Northern Stage’s decision to stage Blue Remembered Hills on an empty monochrome stage is risky to says the least – but it comes off better than you might think.
Probably the most surprising thing about Blue Remembered Hills (apart from writing a play where adults play children and getting away with it – but then, this is Dennis Potter who loves to mess with your head so it’s not that big a surprise) is that this play made it to the stage at all. It was written and produced as a television play, and Potter never adapted it for the stage. On top of all this, 72 minutes is all very well for a TV programme, but it’s deadly for commercial theatre takings. And yet Blue Remembered Hills took a life of its own as a stage play and 34 years after the original screening, Northern Stage was all too eager to take this on.
The most notable feature of the play is, of course, a cast of seven seven-year-olds being played entirely by adults. This is not simply a practicality to circumvent the problems of having young children performing live on stage, but a deliberate decision on Potter’s part; because even in the screenplay – where it wouldn’t have been too hard to have cast children – the cast is adults. There were a number of reasons, but the big one was the bring home to fact that even in young children, the pecking order, vanity and power-struggles aren’t that different to those of adults – if anything, they are even more vicious.
Noises Off, Michael Frayan’s classic farce within a farce, may be undemanding entertainment, but it is highly talented undemanding entertainment.
It might be self-indulgent, but most play writers will at some point write a play about producing a play. This is, unsurprisingly, particularly popular with other writers, actors and directors who spot all the in-jokes straight away. There’s the Farndale Avenue Townswomen’s Guild series, the popular Bad Play trilogy at the Edinburgh Fringe, but the show of this kind that dominates the West End is Michael Frayan’s 1982 classic, Noises Off. So, as someone who has written, acted and directed myself, I watched this with some trepidation: will I see ,yself on stage? I was spared that, but pretty much everything else in the play I recognise from real events: forgetting lines (check), prompt bellowing aforementioned line (check), actor not hearing aforementioned line (check), people left standing on stage like idiots because someone’s to enter (check), forgetting to bring the right props on stage (check), contrived improvisation to compensate for aforementioned prop (check), leaving complicated sets until the last moment (check), actors not taking in clear instructions (check), actors asking stupid questions (check), and actors storming off in the final rehearsal (check). The only thing I don’t think I’ve seen first-hand is a play where the director works his way through half the female cast and crew. (Thinks: which theatre company is this based on, and how can I get a job directing one of their plays?)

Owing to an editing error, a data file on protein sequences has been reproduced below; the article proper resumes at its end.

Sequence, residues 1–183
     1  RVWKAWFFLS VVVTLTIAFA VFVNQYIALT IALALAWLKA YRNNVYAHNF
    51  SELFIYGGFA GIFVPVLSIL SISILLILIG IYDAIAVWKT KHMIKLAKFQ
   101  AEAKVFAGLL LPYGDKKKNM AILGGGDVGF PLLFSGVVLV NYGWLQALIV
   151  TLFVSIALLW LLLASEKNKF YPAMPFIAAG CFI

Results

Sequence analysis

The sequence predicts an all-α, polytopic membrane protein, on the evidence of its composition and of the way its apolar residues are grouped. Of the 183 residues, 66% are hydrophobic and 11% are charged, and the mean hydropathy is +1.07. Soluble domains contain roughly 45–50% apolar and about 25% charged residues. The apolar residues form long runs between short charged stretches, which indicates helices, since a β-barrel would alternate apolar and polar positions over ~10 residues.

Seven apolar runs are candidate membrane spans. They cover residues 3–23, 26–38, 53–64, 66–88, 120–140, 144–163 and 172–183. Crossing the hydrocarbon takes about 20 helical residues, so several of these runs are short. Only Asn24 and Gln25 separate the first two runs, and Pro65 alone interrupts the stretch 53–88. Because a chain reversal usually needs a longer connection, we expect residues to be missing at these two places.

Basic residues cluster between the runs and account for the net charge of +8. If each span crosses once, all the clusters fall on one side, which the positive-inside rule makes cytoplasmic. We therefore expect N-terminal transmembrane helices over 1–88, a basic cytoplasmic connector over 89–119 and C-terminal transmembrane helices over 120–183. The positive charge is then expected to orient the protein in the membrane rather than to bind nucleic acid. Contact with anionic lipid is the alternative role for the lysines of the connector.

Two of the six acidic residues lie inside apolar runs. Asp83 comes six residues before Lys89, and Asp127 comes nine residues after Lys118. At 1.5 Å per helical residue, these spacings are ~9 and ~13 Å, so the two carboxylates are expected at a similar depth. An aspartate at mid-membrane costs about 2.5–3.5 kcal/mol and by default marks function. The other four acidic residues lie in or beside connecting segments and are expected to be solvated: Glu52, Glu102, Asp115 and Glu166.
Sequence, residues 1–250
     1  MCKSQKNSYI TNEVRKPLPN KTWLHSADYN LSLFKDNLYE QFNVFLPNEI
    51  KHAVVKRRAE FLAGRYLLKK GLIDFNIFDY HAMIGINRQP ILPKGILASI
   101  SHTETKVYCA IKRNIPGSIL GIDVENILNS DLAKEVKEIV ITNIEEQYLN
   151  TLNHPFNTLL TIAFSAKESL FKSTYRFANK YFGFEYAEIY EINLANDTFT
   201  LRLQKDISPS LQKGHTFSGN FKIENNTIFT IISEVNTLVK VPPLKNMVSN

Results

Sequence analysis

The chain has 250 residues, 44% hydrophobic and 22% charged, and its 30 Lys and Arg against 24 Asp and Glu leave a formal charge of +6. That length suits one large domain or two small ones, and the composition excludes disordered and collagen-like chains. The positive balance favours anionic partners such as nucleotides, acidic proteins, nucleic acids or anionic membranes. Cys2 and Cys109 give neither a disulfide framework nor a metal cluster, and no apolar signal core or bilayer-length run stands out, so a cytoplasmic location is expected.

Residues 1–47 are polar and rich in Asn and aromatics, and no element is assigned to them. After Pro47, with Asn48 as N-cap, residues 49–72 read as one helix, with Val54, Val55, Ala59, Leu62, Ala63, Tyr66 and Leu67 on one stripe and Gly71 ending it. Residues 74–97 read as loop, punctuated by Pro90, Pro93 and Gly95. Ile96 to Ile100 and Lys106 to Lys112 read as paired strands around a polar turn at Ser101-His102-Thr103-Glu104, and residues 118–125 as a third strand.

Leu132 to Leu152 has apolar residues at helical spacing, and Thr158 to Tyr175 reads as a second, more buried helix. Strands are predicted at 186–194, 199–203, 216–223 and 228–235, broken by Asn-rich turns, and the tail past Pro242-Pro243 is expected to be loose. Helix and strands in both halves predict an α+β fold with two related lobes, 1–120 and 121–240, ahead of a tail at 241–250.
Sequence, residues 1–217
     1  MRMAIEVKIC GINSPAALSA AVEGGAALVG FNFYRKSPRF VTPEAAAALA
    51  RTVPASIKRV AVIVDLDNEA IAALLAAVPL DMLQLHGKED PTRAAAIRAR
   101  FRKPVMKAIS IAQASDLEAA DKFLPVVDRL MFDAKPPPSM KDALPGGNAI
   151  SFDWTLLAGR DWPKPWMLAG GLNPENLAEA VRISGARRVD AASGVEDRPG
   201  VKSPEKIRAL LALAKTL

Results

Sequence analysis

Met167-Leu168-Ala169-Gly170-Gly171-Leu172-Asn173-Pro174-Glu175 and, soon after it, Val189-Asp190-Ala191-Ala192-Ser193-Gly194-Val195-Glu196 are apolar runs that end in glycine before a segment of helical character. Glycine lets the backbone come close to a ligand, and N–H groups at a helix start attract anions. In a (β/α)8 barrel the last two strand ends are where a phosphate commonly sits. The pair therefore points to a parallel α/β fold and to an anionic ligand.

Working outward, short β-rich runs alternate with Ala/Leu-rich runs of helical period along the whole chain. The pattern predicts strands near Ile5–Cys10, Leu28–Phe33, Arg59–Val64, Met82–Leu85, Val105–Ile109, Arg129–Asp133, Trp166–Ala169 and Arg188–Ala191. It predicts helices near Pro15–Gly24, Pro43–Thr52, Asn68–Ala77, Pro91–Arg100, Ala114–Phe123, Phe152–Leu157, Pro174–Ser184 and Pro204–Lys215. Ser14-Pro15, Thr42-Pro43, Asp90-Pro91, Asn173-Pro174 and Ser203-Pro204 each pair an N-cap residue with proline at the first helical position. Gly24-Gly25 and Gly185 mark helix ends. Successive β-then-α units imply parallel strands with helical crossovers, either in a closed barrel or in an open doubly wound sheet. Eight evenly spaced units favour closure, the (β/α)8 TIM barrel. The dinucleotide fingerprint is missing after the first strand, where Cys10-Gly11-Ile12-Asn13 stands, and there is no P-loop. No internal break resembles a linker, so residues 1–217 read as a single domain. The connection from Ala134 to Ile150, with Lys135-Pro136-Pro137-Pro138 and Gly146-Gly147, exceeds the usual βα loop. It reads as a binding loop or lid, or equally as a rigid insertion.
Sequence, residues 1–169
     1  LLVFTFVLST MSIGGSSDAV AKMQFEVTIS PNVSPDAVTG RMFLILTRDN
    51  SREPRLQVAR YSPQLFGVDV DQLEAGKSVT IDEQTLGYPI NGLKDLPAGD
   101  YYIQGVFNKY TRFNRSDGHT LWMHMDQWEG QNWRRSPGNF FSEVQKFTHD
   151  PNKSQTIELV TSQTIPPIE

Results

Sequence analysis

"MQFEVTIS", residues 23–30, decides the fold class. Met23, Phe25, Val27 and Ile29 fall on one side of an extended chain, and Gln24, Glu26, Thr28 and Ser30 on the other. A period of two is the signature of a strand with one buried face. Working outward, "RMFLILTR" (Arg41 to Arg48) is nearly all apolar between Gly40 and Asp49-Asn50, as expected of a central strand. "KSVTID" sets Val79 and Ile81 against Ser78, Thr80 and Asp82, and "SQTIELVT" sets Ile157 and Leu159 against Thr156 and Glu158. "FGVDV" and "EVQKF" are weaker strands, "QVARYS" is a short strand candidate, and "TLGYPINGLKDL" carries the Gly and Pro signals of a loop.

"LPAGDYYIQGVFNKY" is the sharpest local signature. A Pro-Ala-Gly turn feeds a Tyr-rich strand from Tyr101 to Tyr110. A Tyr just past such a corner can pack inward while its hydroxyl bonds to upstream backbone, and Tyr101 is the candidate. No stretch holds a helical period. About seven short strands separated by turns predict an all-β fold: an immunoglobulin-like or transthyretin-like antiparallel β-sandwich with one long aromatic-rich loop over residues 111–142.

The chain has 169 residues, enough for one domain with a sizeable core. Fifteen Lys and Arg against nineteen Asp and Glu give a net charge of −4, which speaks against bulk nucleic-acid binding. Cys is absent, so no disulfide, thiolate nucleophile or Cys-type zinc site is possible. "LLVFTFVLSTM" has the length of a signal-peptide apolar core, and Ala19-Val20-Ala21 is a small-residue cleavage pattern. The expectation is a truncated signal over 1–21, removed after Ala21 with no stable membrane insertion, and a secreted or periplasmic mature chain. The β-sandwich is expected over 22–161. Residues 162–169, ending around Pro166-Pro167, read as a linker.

Okay, I’m back from Brighton and have now finished expanding my speedy error-strewn reviews into something longer. (See also What’s Worth Watching for plays I’ve seen at previous Fringes but didn’t catch this time – this list is for plays I saw at this Fringe.) Apologies for anyone waiting for reviews from more local plays – I will clear the backlog soon. Anyway, I saw 13 productions at the Brighton Fringe this year, and as per last time, I’ve found the overall average standard to be better than Edinburgh. In fact, I’d say only one play was mediocre – I won’t say which one, but it was a bit of devised theatre. I’ve noticed devised theatre is a problematic area (albeit one which can be fantastic if you get it right), so I think I’ll write my thoughts about this another time.
To repeat the rules: this is the stuff that stood out for me – and at Brighton, where the average standard is pretty good, this is a tough bar to clear. What I’ve seen is heavily influenced by when I was there and what happened to be on at the right time, so this list should be considered a cross-section of the plays out there rather than a comprehensive assessment of everything out there. Indeed, anyone who claims to have single-handedly picked out all the best plays in the Brighton Fringe is lying. Anyway, here is your cross-section … Continue reading